Wisconsin drivers may want to update themselves on a recent U.S. Supreme Court ruling that stemmed from an OWI case that occurred in this state. The Fourth Amendment of the U.S. Constitution protects people against unlawful searches or seizures. A challenge was issued in court a while back, asserting that a man's personal rights had been violated.
Wisconsin prosecutors aggressively pursue conviction when they believe they have evidence that a defendant has broken drunk driving laws. Penalties for OWI can be severe, including expensive fines and, perhaps, even jail time. One woman is in a heap of trouble after police took her into custody while she was carrying children as passengers in her vehicle.
It is well-known that being convicted of drunk driving in Wisconsin or any other state can have long-lasting repercussions. As opposed to minor traffic violations, OWI is considered a misdemeanor or felony, depending on the circumstances. In addition to penalties such as jail time, fines or license suspension, a drunk driving conviction can also negatively affect one's personal and professional life.
Getting pulled over in a traffic stop by a Wisconsin police officer can be an unsettling experience. There is no way to predict how such situations will end. Young drivers who have never encountered legal problems before may be quite intimidated to see a uniformed police officer approaching their drivers' side windows. If the officer asks the driver to take a preliminary alcohol screening test (PAS), it's safe to bet that he or she suspects that person of operating while intoxicated, or OWI.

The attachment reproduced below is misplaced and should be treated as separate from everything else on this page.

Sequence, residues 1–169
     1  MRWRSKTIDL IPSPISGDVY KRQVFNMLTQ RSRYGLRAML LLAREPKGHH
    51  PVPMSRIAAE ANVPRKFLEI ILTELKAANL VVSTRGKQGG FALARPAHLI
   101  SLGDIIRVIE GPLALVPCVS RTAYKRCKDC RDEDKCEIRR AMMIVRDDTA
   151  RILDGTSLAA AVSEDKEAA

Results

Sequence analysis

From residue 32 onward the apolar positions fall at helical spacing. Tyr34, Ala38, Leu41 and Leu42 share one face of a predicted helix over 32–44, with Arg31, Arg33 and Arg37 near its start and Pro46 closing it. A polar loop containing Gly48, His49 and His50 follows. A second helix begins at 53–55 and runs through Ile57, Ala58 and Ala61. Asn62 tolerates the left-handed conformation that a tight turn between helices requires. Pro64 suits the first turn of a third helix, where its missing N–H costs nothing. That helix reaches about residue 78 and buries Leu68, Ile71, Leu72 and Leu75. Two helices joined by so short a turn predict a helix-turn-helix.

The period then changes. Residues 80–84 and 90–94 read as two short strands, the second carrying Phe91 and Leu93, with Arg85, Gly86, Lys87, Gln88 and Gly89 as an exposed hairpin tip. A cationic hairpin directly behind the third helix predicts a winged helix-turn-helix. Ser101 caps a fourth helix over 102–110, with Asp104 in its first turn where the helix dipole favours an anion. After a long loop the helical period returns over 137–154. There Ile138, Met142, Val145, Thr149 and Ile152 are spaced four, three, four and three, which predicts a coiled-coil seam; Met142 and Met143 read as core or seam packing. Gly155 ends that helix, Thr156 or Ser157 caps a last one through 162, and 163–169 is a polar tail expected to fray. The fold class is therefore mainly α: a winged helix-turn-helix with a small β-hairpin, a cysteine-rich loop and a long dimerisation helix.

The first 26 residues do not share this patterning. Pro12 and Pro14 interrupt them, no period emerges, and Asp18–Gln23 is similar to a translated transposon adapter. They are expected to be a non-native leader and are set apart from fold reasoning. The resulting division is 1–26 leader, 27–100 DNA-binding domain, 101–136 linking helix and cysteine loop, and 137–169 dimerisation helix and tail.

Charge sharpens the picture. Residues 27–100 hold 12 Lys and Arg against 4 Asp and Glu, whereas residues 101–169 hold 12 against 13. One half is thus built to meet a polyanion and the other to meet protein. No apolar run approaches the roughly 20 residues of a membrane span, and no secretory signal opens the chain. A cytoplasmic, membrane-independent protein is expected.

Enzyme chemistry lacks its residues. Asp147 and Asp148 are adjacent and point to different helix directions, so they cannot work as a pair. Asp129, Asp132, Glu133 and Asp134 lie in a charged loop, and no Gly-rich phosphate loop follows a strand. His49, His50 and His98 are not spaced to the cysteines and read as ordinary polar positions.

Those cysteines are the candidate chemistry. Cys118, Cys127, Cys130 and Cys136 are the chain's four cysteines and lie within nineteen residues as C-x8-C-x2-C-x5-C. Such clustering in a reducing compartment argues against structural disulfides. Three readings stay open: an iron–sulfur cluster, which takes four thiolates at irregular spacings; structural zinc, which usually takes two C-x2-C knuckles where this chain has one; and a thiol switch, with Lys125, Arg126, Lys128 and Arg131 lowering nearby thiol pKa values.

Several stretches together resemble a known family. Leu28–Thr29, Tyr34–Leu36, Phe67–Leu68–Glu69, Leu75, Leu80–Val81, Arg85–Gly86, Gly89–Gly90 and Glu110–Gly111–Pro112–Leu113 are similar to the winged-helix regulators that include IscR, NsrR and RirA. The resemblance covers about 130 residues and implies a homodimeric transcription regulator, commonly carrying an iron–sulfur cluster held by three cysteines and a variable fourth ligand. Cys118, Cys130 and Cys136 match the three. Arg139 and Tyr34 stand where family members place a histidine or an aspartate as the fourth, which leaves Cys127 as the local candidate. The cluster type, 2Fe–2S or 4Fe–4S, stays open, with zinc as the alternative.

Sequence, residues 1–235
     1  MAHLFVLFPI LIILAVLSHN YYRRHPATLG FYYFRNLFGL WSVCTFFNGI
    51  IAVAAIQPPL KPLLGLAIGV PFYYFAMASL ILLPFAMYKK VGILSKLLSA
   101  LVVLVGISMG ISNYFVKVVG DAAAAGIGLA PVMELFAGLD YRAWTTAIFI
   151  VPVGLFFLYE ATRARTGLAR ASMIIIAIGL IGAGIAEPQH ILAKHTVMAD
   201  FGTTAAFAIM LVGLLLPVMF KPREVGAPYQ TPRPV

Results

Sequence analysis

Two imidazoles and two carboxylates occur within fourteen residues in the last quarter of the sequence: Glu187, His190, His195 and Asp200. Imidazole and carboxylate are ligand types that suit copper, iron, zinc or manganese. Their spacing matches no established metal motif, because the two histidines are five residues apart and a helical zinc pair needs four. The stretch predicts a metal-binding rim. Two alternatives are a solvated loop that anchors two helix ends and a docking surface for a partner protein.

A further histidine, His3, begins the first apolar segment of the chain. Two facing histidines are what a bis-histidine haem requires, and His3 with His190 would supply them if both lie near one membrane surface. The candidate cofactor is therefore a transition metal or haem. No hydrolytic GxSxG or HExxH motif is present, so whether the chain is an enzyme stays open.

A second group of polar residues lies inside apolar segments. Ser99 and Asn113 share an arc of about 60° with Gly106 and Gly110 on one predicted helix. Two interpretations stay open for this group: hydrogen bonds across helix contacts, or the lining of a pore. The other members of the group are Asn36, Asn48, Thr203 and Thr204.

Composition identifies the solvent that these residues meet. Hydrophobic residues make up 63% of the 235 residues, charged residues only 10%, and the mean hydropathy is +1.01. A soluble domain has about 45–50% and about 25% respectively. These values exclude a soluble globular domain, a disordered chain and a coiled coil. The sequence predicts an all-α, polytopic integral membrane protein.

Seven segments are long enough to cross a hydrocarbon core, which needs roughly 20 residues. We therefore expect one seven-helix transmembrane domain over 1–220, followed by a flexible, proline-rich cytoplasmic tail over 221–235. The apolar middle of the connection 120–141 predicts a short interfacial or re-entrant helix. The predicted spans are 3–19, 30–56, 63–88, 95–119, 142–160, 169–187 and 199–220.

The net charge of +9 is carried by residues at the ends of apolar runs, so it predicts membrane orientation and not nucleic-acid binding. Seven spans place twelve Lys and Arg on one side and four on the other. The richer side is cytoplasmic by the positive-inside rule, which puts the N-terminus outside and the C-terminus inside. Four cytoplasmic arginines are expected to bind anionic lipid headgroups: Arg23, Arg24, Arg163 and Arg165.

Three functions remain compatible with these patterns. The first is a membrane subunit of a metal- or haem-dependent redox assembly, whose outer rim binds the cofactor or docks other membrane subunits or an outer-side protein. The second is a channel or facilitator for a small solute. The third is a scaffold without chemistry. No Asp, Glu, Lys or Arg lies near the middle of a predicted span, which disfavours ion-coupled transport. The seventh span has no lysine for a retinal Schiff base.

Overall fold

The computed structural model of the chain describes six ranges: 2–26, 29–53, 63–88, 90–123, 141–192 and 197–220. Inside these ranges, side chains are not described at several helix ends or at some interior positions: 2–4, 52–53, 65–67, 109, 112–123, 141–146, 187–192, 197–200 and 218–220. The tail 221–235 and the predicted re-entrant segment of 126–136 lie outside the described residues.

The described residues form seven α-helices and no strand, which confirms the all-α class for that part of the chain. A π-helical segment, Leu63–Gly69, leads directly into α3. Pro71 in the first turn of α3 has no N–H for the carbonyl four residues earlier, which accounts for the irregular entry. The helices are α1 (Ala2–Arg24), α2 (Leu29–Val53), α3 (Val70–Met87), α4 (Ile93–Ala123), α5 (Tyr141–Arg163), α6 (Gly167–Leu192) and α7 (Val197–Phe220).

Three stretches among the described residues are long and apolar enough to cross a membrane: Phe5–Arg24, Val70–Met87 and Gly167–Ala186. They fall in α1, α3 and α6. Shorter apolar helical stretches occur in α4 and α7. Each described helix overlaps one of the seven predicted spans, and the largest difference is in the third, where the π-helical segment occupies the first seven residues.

When a Wisconsin motor vehicle collision occurs, it sometimes leads to criminal charges against one or more drivers. Such situations often include suspected OWI. However, situations involving suspected drunk driving may also lead to addition criminal charges, especially if the accident resulted in injury or death to another person.
If you go out to eat with a group of friends, drink a beer or glass of wine with your supper and later drive yourself home, are you breaking the law? The answer is that it depends on numerous factors. For instance, you must be age 21 or older to legally consume alcohol, and your blood alcohol content level must never be .08 or higher while operating a motor vehicle. These and other issues can lead to OWI charges in Wisconsin.
As summer winds down in Wisconsin, many motorcycle enthusiasts are getting as much road time as they can, often taking passengers along for their rides. Many say there's nothing like being out on the open road, soaring along on two wheels through a cool, summer breeze. Such an adventure can come to a screeching halt, however, if an accident occurs, which is what happened to one motorcyclist and his passenger; in fact, the driver is now facing OWI charges because of the incident.